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The Country Roots of The Beatles

When John Lennon started his first group, The Quarrymen, back in 1956, their musical influences were many and varied. There is no doubt that without the particular influence of Lonnie Donegan, Lennon, Paul McCartney, and George Harrison would not have formed a group.

The Quarrymen’s first manager, Nigel Walley, had business cards printed, in which they stated their musical specialties: “Country … Western … Skiffle … Rock ‘n’ Roll.” We know that they became the greatest pop act of all time, but their roots were firmly in skiffle, folk, and country. Those roots never left them and can be seen in the artists they covered, those who influenced them, and in many of their most famous songs.

The Quarrymen’s Country Setlist

The Quarrymen’s sets would often consist of the following:

“Rock Island Line”, “Puttin’ on the Style”, “Railroad Bill” and “Worried Man Blues” as recorded by Lonnie Donegan, could all be classed as country/ blues/ folk or bluegrass. “Lost John” and “Cumberland Gap” by Woodie Guthrie, were American folk/ country, also recorded by Donegan.

George’s hero was Carl Perkins, whose “Blue Suede Shoes”, later made more famous by Elvis, was classic rockabilly. John, who adored Elvis, gave a surprising answer about “Blue Suede Shoes”: “I suppose I started to get off-beat, musically, when I found out that I liked Carl Perkins’ version of ‘Blue Suede Shoes’ better than Presley’s.” (TuneIn)

John Lennon’s Country Roots

Michael Hill was a school friend of Lennon’s and used to host record-listening lunchtimes at his house, with John, his best mate Pete Shotton, and Michael’s best friend Don Beattie. As well as introducing Lennon to “Long Tall Sally”, a record that changed Lennon’s life, Michael said that John “really got hooked on Hank Williams, due to me. John, as an adult and a successful performer, treasured fond memories of the musical foundations of his life, for which he was much in my debt. John told an interviewer ‘I listened to country music. I started imitating Hank Williams when I was fifteen before I could play the guitar. I used to go round to a friend’s house, because he had the record player, and we sang all that Lonnie Donegan stuff and Hank Williams. He, Mike Hill, had all the records.’”

Hank Williams

“Best of all for singing along were the Hank Williams records,” continued Mike. Like Hank Williams fans everywhere, “we struggled to decipher the lyrics he was singing in songs, such as ‘Jambalaya’, with its Creole words and idiomatic language, and in ‘Settin’ The Woods on Fire’. Some of the words were totally unintelligible to us, but we thought the tunes, the accent, and the rhythm were all great.”

“John had no Hank Williams records. In fact, he had no records at all apart from a well-worn copy of Lonnie Donegan’s record of ‘Rock Island Line’ which he sold to Rod Davis in 1957 as he lost interest in skiffle music. I suspect he stole my copy of this record as he was an inveterate pilferer, and my copy went missing. Be that as it may, to my knowledge, the only exposure John Lennon had to country music was at my house listening to my records.” (John Lennon: The Boy Who Became A Legend)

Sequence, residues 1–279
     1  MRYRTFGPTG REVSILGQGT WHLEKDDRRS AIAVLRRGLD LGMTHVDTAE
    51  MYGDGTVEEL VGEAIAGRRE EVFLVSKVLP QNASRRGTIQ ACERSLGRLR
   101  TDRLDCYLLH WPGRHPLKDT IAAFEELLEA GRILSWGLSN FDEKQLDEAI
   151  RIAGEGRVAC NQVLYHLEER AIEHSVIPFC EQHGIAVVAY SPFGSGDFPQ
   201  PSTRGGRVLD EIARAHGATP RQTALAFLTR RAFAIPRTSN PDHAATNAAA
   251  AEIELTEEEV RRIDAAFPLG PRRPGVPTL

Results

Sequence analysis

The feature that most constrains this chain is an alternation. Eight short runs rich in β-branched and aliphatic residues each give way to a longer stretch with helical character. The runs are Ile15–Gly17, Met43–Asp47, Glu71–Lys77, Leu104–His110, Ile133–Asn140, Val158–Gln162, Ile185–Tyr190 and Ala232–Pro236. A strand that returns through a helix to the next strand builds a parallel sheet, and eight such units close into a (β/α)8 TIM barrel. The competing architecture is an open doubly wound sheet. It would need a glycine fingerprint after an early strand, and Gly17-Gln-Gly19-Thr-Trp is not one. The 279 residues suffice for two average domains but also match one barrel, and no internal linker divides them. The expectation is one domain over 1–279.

“Crumbly and Western”

John commented on his country roots and how they pertained to the formation of The Quarrymen. “I grew up with blues music, country and western music, which is also a big thing in Liverpool. One of the first visions I had was one of a fully dressed cowboy in the middle of Liverpool with his Hawaiian guitar – the first time I ever saw a guitar in my life.” He also famously referred to country and western as ‘Crumbly & Western’. (Bob Rogers 1964)

Rod Davis

Country music, as we have seen, was very popular in Liverpool, and formed the basis of skiffle and what was to follow. “What we realized was that the three chords we had learned to play skiffle,” said Rod Davis, banjo player with The Quarrymen, “could also play country songs, and later on, rock ‘n’ roll songs.” The evolution from skifflers to rockers was an easy one, as was the transformation of skifflers to country groups.

Rod Davis was one of those to leave the skiffle music and head down that country road. “I made the occasional foray into it in the ‘60s as I played fiddle, mandolin, autoharp & guitar in a Bluegrass band called The Bluegrass Ramblers. We were really on the folk scene, playing at the Spinners, Pete McGovern’s Wash-house and generally all over the North-West. Just now and then we appeared at Ossie Wade’s in Everton or at the 21 Club.”

The Country-Influenced Songs of The Beatles


For their first album, The Beatles incorporated a mixture of their own songs and cover versions of some of their favorite artists, a pattern they would replicate for the first few albums.

  • “Misery” from their debut LP Please Please Me.
  • “Please Please Me” The title track started as a much slower song by John Lennon: “’Please Please Me’ is my song completely. It was my attempt at writing a Roy Orbison song, would you believe it?”

1963: WITH THE BEATLES and EP Single

“All My Loving” McCartney told biographer Barry Miles that he originally envisioned it as a country & western song, with George adding a ‘Nashville Sound’ guitar solo, and Paul adding a great country-style walking bass line.